Our film journalist Yasmeen caught up with the Director of the fantastic live action short (SOAK) to talk about her film.
16 year old Yeonsoo Tak meets her mother who ran away, intent on convincing her to return home. However, as the night wears on, Yeonsoo realizes that her mother has hopes of her own, something that had never occurred to Yeonsoo. Stuck between her mother’s new life plans and the pressures from her controlling father, Yeonsoo is faced with an impossible choice.
Hannah Bang’s MFA thesis live action short film SOAK touches on the turmoil of a broken family, this topical film has been selected to premiere at the high profile South by Southwest Film Festival.
HANNAH BANG is a South Korean writer/director with a love of mixing the beautiful and macabre in her storytelling. After graduating from the Cooper Union School of Art in New York, Hannah moved to LA and recently received her M.F.A. from USC Film & TV production program. There, she directed multiple projects including an ensemble theater play PRODIGY for the Hollywood Fringe Fest, a co-directing collaboration feature called VOODOO MACBETH, and a sponsored short film RIPPLE EFFECT that was shot during the pandemic shutdown using virtual production technology and LED screens.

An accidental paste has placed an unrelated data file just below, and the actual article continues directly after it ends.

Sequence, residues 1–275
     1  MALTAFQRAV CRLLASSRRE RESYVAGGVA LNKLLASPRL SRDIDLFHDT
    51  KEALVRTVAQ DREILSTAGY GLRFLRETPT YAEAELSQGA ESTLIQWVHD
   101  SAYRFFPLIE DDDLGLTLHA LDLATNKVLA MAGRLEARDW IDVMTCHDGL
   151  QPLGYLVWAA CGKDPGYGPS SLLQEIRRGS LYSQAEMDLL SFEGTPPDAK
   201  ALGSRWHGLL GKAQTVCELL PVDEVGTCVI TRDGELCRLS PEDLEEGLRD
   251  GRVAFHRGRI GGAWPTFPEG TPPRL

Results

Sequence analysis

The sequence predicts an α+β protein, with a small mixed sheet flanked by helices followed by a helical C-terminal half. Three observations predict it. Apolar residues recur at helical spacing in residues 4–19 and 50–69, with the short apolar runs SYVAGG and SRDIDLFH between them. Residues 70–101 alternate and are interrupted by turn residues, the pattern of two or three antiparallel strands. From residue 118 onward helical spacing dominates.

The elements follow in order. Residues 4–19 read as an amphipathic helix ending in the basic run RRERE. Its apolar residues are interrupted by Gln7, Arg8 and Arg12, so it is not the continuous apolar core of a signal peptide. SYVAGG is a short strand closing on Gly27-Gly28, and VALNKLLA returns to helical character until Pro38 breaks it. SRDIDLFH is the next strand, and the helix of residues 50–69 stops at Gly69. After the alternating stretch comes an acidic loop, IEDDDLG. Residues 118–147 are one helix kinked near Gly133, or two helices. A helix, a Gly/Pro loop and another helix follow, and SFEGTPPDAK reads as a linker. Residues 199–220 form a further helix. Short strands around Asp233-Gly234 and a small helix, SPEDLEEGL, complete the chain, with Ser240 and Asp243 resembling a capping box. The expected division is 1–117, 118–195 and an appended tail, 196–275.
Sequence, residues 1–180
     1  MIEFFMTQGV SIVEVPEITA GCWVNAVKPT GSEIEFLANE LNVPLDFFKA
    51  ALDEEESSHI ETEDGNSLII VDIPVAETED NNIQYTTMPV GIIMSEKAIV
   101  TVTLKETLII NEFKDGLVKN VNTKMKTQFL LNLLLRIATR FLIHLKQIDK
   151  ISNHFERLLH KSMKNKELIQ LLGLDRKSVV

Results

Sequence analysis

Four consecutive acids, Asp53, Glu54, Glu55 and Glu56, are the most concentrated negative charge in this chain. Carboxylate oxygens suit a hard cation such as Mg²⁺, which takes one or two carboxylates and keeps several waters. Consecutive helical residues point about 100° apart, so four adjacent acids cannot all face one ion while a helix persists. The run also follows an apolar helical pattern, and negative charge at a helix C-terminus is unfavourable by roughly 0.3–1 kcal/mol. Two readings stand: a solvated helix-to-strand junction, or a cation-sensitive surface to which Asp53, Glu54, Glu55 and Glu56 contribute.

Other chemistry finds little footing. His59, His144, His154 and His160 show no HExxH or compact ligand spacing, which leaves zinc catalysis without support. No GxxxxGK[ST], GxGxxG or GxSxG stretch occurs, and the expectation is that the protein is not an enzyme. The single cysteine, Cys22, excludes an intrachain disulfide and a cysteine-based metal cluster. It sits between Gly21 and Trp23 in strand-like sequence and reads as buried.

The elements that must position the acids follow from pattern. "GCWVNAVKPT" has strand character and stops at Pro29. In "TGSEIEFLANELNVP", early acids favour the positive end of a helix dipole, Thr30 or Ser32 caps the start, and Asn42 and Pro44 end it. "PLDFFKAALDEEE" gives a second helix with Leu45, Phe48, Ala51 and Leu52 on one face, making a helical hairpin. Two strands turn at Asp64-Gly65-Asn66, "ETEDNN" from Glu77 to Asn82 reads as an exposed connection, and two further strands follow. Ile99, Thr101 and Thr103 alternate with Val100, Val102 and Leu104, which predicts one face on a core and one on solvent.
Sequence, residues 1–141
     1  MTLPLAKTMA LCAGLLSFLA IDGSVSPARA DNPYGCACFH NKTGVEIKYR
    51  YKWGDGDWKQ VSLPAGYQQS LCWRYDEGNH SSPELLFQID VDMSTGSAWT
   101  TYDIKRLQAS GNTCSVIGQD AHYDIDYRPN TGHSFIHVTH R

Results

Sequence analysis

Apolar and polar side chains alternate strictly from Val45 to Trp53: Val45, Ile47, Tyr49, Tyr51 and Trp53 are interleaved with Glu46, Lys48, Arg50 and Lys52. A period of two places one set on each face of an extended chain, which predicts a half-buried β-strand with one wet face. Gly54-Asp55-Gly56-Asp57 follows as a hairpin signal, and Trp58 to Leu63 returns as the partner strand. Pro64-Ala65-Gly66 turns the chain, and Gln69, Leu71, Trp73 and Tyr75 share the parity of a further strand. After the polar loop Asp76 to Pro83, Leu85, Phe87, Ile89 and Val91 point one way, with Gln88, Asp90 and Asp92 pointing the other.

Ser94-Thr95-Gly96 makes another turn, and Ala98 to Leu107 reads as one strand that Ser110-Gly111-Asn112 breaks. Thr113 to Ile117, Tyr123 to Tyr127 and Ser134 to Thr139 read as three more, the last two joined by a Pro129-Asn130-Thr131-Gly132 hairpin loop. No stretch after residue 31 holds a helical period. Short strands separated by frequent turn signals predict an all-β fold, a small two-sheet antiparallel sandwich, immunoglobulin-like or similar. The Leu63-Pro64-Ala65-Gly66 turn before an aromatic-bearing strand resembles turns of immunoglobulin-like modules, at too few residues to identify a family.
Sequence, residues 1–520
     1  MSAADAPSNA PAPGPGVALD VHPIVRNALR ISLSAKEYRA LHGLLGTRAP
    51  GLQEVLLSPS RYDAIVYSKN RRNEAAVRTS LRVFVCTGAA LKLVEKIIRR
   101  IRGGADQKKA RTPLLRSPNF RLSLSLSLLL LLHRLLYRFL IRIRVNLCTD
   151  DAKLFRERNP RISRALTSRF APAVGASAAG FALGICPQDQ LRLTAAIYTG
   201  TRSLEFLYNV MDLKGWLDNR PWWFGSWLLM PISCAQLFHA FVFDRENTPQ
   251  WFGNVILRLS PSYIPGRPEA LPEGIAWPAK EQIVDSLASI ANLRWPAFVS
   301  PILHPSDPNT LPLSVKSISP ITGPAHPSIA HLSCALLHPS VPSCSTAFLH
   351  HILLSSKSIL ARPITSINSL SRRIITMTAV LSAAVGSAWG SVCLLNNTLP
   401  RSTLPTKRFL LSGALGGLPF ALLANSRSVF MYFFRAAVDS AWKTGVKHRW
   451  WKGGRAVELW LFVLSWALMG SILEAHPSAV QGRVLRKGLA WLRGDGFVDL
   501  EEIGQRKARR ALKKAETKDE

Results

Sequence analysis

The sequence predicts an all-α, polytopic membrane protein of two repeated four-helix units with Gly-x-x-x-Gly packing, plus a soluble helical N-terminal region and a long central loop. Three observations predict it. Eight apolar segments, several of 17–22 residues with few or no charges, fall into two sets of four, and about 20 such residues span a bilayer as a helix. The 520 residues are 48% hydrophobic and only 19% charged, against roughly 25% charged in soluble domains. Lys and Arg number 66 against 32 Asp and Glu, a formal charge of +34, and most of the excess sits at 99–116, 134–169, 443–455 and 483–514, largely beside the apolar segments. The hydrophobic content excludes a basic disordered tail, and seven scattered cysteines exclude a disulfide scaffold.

How did you want to show how difficult leaving an abusive relationship can be? The movie tracks Yeonsoo’s journey and change from someone who endures to someone who extends the abuse. I wanted to show how her environment and isolation corner and eventually break her.
Did you do any research about domestic abuse prior to making the film? A lot of it was reading through online forums and posts, written by youth in troubled homes sharing personal experiences. Then I went to books, documentaries, and eventually ended up reaching out to a professor at the school of social work at our university. There was no one statistic or story that allowed me to write the film, but going over all of those resources helped me believe in my characters and their journey.
What is your interest in depicting macabre in beautiful ways? I would describe it as juxtaposing the two, rather than depicting one thing as the other. When you contrast the two, the effect of both are maximized. The pain feels deeper and the beauty more memorable. I also think it’s more reflective of real life, that they come hand in hand.
Do you plan to make any films showing the beauty (if any) behind the pandemic?
No. I think we’re still too deep in it. Maybe down the line when the world has actually solved this thing and we’ve had some time to process it. I’m sure there are moments of beauty to be seen during this pandemic– but at the moment I’d rather read about it in the news than watch it in a movie.